Coming Soon: 100 Greatest Literary Detectives

I just saw online today the cover and the release date for: 100 Greatest Literary Detectives ed. by Eric Sandberg. This is especially exciting news as I was lucky enough to be able to contribute to this work, writing a piece on Juanita Sheridan’s Lily Wu.
This is the blurb on Amazon:

Crime fiction is one of the most popular literary genres today, and has been so for more than a century. At the heart of almost all forms of mysteries, from the Golden Age puzzler to the contemporary police procedural, from hardboiled to the Japanese timetable mystery, is the investigator. He–or, increasingly, she–can be a private eye, a police officer, or a general busybody. The detective is, in fact, the key element in crime fiction; while criminals and their crimes come and go, with a few notable exceptions, the primary interest in crime novels is focused on investigators, those fascinating characters who exist at the intersection of so many different literary and social roles. 100 Greatest Literary Detectives offers a selection of the most influential, most important, and most intriguing fictional sleuths–amateur or professional–from around the world. From Sherlock Holmes to Jules Maigret, the detectives profiled here will give readers a broader picture of the many faces of these essential characters in one of fiction’s most popular genres. Each entry summarizes the distinctive features of a notable investigator and their approach to crime, provides a brief outline of major features of their fictional careers, and makes a case for their greatness based on factors such as literary-historical importance, novelty, uniqueness, aesthetic quality, or cultural resonance. The characters profiled here include Lew Archer, Father Brown, Brother Cadfael, Adam Dalgliesh, Stephanie Delacour, Mike Hammer, Miss Jane Marple, Kinsey Millhone, Hercule Poirot, Ellery Queen, Ezekiel “Easy” Rawlins, Kay Scarpetta, Sam Spade, Phillip Trent, V. I. Warshawski, Lord Peter Wimsey, and Nero Wolfe. Whether seasoned fans or new to the genre, readers will find some of their favorite detectives here, learn more about their literary and cultural significance, and will expand their reading world into uncharted territory as they discover great detectives old and new, local and international. 100 Greatest Literary Detectives offers a fascinating look into some of the most intriguing fictional characters of all time.

I am anticipating this to be an interesting and thought provoking read. I only know about a few of the detectives, (modern and vintage), who made the cut, so I am excited to see who else made the list. I am also looking forward to seeing how these 100 are justified their positions, as I imagine people have different criteria for this aspect.

Hopefully more will be appearing on the blog about the book nearer the time. Copies are available for pre-order now from Amazon and at the moment seems like it will be released on the 15th April in the UK at least. Not sure about America.

So the big question is who do you think should be on the list? (Not that I am expecting to give me a Top 100 list or anything, though if you have the time or need an excuse to procrastinate do feel free to do so!)

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16 comments

  1. A pity that no sleuth by Carr has made the list? Though I suppose the compilation isn’t technically concerned with the best detective, but the detective with literary and cultural significance…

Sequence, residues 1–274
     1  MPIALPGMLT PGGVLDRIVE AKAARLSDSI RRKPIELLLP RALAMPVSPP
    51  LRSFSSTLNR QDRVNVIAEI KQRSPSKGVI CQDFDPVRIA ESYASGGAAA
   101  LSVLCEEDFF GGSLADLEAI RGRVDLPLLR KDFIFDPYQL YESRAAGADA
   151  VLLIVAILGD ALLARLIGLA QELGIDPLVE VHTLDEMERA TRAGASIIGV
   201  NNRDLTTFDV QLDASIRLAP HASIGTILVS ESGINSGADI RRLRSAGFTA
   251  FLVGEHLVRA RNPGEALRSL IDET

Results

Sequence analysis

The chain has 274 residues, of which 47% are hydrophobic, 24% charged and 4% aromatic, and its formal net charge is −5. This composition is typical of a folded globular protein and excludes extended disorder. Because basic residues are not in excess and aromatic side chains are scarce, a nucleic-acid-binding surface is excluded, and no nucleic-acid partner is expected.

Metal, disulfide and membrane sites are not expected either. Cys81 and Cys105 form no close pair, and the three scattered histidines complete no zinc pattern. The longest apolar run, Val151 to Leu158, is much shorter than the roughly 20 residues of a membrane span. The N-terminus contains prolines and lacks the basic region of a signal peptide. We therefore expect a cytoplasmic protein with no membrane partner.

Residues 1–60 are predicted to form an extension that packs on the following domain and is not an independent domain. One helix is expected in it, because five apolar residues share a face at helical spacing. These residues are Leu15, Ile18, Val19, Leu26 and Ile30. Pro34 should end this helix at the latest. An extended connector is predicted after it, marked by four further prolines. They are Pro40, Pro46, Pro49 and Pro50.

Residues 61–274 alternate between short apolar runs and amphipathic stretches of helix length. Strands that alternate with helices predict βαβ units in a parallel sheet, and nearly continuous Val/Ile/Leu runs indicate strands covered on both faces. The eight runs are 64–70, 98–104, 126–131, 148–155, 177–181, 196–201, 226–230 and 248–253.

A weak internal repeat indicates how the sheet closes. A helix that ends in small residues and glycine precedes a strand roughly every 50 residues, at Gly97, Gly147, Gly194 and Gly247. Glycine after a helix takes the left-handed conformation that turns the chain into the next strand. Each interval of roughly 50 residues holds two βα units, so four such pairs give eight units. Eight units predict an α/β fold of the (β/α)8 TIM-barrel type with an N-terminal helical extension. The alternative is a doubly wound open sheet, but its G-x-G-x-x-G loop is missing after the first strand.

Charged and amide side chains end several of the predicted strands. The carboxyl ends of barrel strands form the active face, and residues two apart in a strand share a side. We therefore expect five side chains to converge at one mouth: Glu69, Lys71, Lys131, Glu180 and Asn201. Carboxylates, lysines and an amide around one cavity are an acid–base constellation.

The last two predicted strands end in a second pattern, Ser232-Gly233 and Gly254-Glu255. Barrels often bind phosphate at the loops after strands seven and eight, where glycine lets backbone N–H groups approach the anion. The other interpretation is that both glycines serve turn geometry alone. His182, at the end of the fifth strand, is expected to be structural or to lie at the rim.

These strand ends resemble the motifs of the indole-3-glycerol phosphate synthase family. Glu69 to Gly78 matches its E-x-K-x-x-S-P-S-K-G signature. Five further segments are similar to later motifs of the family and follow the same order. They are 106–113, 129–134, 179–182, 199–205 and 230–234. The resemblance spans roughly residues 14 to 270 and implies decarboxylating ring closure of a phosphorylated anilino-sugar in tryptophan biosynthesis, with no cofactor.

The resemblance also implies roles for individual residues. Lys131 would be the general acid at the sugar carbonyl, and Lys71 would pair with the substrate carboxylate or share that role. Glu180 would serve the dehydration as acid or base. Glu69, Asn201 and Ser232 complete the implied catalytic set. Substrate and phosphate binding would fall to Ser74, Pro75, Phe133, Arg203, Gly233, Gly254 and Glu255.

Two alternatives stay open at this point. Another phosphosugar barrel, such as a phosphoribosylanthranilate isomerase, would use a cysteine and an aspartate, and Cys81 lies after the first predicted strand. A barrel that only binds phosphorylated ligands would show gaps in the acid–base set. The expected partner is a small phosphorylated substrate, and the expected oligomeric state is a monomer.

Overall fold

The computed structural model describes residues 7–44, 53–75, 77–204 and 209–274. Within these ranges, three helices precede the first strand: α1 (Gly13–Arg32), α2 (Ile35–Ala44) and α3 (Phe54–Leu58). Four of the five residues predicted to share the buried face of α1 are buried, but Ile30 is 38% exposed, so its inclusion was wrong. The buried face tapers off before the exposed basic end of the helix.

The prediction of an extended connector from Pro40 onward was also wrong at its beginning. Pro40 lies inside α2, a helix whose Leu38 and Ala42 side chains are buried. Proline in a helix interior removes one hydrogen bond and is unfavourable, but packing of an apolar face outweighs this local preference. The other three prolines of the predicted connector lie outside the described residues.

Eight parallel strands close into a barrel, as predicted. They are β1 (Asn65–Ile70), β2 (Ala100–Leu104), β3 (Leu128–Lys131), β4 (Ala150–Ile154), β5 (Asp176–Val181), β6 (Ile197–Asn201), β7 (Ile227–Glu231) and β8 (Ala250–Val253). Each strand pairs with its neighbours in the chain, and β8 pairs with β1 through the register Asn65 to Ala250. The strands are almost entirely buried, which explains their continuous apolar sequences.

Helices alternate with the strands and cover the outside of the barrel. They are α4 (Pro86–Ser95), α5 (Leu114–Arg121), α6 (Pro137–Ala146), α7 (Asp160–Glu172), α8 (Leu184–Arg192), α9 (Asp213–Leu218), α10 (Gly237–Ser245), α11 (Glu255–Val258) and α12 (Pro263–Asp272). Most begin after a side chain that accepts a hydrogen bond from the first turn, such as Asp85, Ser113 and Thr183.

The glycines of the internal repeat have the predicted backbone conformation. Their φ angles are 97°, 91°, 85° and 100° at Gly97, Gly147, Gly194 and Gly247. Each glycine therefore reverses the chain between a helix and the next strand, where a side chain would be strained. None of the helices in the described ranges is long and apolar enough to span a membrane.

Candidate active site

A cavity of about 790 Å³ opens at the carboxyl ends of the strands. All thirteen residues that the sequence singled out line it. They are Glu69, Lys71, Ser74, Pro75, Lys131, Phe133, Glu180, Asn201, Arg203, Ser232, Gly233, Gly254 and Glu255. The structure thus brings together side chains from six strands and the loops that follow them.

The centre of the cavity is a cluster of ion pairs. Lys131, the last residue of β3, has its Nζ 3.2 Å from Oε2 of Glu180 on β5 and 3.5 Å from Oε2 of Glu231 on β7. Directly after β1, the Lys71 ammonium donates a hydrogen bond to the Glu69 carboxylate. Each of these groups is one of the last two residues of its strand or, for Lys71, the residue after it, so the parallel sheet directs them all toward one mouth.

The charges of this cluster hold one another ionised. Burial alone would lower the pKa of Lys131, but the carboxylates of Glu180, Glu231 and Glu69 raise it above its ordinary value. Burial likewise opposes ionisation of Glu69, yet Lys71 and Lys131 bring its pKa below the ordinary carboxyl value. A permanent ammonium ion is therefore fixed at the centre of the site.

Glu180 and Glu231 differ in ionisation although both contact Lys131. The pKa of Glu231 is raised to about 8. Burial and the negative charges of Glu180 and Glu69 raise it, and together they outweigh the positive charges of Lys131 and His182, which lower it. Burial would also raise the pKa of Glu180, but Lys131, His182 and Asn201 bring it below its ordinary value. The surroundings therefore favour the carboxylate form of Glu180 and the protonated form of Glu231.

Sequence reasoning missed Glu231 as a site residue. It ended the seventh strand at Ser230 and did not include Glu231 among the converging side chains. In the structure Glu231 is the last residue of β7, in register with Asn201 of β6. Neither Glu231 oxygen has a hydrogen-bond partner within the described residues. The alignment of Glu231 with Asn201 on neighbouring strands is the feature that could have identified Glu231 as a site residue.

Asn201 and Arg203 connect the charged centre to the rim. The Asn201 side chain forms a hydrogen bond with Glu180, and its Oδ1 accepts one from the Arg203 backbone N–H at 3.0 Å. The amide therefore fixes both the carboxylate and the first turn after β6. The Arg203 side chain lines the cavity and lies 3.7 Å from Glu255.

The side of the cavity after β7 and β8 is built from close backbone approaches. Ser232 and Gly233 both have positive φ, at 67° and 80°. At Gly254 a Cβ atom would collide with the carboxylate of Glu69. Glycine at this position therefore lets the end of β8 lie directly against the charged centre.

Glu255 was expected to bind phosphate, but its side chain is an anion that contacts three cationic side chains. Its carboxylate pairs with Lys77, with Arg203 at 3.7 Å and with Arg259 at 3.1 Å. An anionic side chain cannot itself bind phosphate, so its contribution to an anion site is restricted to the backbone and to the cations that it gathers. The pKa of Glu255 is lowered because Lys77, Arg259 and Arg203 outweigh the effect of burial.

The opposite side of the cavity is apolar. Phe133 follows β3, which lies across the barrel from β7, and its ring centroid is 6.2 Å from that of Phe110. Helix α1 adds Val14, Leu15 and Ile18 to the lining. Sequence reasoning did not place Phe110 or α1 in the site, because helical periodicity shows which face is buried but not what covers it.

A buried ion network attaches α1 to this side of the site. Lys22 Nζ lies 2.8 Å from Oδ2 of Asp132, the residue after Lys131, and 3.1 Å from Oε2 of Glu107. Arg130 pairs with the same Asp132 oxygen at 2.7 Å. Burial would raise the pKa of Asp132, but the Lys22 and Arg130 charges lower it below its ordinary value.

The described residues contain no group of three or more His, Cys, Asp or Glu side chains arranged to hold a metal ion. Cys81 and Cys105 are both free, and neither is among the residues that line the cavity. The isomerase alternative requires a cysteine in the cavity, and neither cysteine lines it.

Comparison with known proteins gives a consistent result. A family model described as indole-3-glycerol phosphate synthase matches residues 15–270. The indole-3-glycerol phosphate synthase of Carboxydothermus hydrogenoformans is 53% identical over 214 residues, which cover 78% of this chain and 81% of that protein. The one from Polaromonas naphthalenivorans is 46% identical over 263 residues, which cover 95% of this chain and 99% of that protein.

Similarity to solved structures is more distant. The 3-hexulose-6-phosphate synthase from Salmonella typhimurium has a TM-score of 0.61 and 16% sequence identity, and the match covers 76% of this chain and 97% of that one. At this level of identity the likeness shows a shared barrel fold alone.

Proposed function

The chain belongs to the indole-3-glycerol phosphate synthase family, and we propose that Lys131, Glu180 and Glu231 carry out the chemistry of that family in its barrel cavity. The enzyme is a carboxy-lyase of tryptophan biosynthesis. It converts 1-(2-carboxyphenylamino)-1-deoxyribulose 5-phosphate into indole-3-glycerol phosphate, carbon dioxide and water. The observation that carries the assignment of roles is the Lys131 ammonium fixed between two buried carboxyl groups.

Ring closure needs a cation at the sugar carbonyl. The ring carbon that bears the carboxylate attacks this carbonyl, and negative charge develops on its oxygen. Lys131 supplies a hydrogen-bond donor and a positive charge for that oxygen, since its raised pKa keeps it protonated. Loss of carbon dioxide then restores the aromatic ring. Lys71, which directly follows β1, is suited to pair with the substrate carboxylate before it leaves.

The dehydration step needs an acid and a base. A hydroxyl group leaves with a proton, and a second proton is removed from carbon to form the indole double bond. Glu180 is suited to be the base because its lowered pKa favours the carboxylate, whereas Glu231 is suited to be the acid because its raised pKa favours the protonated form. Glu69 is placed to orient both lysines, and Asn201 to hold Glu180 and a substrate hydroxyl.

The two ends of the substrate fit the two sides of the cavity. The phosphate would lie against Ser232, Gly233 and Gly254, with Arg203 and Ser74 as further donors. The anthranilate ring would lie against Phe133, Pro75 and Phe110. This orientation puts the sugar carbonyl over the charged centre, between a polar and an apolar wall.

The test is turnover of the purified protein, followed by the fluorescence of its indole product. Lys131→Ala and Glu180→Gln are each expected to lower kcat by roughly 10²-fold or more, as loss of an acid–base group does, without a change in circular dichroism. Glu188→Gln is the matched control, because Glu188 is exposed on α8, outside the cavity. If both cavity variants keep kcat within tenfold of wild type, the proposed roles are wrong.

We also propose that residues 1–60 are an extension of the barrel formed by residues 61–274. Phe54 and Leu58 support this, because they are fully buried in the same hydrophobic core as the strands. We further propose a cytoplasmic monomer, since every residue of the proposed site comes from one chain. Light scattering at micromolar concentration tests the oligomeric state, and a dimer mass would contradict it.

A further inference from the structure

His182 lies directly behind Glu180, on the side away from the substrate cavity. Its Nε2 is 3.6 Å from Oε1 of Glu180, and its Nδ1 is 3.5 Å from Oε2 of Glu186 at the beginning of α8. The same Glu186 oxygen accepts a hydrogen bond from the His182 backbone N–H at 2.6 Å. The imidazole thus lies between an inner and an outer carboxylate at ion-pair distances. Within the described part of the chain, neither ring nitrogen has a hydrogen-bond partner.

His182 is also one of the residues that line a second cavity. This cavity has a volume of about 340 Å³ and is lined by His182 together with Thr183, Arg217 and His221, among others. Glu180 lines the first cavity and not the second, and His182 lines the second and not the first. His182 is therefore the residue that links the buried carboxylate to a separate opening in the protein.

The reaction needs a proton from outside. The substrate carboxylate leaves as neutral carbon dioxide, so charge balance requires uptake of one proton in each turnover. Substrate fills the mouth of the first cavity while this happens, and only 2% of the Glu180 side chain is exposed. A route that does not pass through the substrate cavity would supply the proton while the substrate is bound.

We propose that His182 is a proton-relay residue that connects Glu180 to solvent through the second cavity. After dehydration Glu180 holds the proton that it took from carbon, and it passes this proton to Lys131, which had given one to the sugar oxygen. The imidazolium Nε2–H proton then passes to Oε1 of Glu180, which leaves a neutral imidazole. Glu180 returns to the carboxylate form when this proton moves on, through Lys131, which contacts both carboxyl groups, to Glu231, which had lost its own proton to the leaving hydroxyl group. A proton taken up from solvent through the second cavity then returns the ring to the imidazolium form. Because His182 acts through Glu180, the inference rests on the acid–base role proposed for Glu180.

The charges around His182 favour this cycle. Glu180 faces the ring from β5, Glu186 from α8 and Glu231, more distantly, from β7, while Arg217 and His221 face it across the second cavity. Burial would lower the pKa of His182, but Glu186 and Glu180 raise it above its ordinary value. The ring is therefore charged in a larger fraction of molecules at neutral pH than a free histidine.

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  2. I’m astonished that a book could be titled “100 Greatest Literary Detectives” and even think about not including Fell or Merrivale. If there’s a possibility of not including them, then I severely doubt there will be any sign of my suggestions. I suppose you have to ask how one defines “Greatest” – a quick Google reveals that the aforementioned Lily Wu certainly sounds important in the genre, but can one be one of the greatest detectives if you only appear in four books? I’d be much more interested in reading the section about how the 100 were chosen, to be honest, rather than the individual entries…

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    • Well, in the Amazon listing, the names of 20 included detectives are mentioned. No mention of either Fell or Merrivale. But Poirot, Marple, Ellery Queen, and Father Brown are mentioned.

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    • As you can see from Stefano’s comment, Dr Fell’s entry is confirmed. As to how I define Greatest I do not base that on number of stories nor how popular they are – otherwise the book would be 100 most popular detectives, which is not what the book is trying to do. As to Wu’s number fictional outings, I would point out that Dupin only starred in a few short stories, yet it would be unheard of for him to not be included. Lily Wu as you say is important to the genre. In the 40s and 50s, it is a rarity to see a young Chinese woman made to be a central detective and not one burdened down with stereotypes. Nor she is hampered by having to have a marriage or romance plot. Both these areas make her stand out and worthy of a place in the book in my opinion, a book which is trying to look at detectives from around the world and avoid becoming US/UK/White character centric. No doubt the editor in the introduction will comment on how the entries were chosen.

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  3. I have no idea about Merrivale, but Dr Fell is on the list. you’ll find him on pages 63-64, right between Kare Fansler and Gervase Fen. I know it only because I wrote Fell’s entry 😉

    Liked by 2 people

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